Kings of sea signals
Viewed from western Europe, Finland is like an island. Its eastern edge is the land border, well over a thousand kilometres long, that is shared with Russia, but away to the west and south stretches a sea in which lies a uniquely beautiful archipelago between Finland. For all its scenic attraction, however, the Finnish coastline with its perilous shallows and skerries has always been a tough challenge for seafarers. Some parts of it have a well-deserved reputation as ship graveyards.
Finland's first illuminated sea beacons were temporary bonfires. History records that as early as the 16th century piles of logs were burned along the coast to help ships find their way. The first proper lighthouse in Finland was erected on the small island of Utö on the southern edge of the archipelago off the south-west coast in 1753 and another on the Porkkala Peninsula west of Helsinki in 1800. The lightkeepers and their families lived on bleak, windswept little islands until the development of automatic systems made a permanent human presence no longer necessary. Finland's last lightkeeper left his lonely post for ever in 1987.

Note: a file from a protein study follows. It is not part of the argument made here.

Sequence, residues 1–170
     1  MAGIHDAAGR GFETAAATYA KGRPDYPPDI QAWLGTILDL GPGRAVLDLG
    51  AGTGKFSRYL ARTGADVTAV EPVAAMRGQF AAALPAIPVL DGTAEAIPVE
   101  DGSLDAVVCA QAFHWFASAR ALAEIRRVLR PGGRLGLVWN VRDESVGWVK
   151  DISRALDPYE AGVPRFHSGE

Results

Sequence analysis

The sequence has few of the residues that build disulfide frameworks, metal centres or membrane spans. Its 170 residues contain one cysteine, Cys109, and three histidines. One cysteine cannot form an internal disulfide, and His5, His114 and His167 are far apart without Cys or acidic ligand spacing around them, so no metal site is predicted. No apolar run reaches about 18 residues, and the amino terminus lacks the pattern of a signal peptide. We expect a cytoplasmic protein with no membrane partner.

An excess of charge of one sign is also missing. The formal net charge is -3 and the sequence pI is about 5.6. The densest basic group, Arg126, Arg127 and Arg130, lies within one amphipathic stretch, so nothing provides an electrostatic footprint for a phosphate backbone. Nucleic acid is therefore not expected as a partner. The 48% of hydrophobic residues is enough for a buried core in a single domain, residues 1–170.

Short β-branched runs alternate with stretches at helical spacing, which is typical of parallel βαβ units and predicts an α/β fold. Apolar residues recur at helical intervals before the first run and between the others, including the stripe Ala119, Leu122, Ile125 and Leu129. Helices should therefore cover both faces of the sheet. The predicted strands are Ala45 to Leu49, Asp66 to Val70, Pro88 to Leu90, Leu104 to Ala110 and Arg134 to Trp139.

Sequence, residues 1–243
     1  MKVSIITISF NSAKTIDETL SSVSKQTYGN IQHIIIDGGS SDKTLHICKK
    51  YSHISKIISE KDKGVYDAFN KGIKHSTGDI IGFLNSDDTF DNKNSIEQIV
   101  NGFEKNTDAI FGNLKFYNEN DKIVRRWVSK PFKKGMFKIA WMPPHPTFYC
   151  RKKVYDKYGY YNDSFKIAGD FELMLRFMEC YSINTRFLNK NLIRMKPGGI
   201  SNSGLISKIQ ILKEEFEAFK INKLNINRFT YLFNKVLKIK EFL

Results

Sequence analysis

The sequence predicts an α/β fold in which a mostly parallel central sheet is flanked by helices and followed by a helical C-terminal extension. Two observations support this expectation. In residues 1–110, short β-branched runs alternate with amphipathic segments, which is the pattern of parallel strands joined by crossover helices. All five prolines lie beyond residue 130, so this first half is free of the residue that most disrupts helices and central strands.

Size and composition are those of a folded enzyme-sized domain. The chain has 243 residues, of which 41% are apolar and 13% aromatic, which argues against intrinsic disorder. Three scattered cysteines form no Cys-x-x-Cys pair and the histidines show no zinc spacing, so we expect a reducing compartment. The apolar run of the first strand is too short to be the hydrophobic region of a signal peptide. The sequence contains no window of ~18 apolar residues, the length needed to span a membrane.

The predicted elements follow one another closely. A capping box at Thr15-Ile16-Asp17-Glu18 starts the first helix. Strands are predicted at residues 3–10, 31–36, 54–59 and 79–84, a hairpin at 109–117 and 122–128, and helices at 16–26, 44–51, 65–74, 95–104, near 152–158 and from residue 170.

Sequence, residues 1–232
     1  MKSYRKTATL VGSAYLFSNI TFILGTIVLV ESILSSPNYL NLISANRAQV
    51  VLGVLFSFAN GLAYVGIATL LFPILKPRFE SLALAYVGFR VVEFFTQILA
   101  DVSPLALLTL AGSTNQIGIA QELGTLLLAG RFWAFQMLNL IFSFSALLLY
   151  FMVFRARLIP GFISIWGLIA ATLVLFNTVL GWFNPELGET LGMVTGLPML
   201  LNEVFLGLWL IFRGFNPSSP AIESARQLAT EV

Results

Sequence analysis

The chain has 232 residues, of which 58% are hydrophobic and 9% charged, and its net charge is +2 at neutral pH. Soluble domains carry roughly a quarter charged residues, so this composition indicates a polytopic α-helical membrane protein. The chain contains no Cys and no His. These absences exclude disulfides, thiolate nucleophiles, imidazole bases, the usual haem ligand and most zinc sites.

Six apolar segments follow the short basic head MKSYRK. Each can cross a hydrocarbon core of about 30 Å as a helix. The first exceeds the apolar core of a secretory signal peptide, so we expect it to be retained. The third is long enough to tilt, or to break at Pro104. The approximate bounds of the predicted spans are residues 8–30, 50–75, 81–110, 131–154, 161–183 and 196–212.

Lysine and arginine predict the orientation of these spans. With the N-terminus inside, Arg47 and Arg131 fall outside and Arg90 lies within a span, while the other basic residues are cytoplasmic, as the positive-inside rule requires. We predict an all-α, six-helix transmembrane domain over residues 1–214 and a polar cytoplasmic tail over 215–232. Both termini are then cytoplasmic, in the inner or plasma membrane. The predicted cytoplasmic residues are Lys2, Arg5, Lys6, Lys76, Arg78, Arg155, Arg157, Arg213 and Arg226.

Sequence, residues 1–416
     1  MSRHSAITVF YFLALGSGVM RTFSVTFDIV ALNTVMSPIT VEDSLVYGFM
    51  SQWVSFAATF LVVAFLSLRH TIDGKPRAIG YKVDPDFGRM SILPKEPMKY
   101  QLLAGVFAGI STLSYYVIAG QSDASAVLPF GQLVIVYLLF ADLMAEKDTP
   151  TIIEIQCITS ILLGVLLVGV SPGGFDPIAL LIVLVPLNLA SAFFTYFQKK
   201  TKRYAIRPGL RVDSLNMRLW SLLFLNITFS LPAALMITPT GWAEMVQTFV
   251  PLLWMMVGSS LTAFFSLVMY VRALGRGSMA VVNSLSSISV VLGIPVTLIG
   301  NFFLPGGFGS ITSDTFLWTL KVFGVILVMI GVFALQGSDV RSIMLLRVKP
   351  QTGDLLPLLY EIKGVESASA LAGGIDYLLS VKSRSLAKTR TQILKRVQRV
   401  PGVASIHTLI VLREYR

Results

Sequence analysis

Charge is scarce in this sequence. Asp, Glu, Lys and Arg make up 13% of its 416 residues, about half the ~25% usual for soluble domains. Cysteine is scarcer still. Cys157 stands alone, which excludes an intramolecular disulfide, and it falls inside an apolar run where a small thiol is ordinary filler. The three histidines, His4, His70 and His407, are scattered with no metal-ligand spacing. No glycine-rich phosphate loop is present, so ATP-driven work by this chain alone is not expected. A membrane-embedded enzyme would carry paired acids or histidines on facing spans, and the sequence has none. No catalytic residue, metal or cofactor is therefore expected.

Now, in our age of satellites and advanced electronics, passenger and cargo ships no longer need lighthouses to enable them to navigate.
The dozens of lighthouses along the Finnish coast and the many smaller and unilluminated tower-like beacons are the most visible monuments to the history of navigation in Finnish waters - and still important reference points for tens of thousands of boaters. They have also become important tourist attractions for many a small community to exploit. Their noble architecture and the inventive technology of their illuminant systems are fascinating.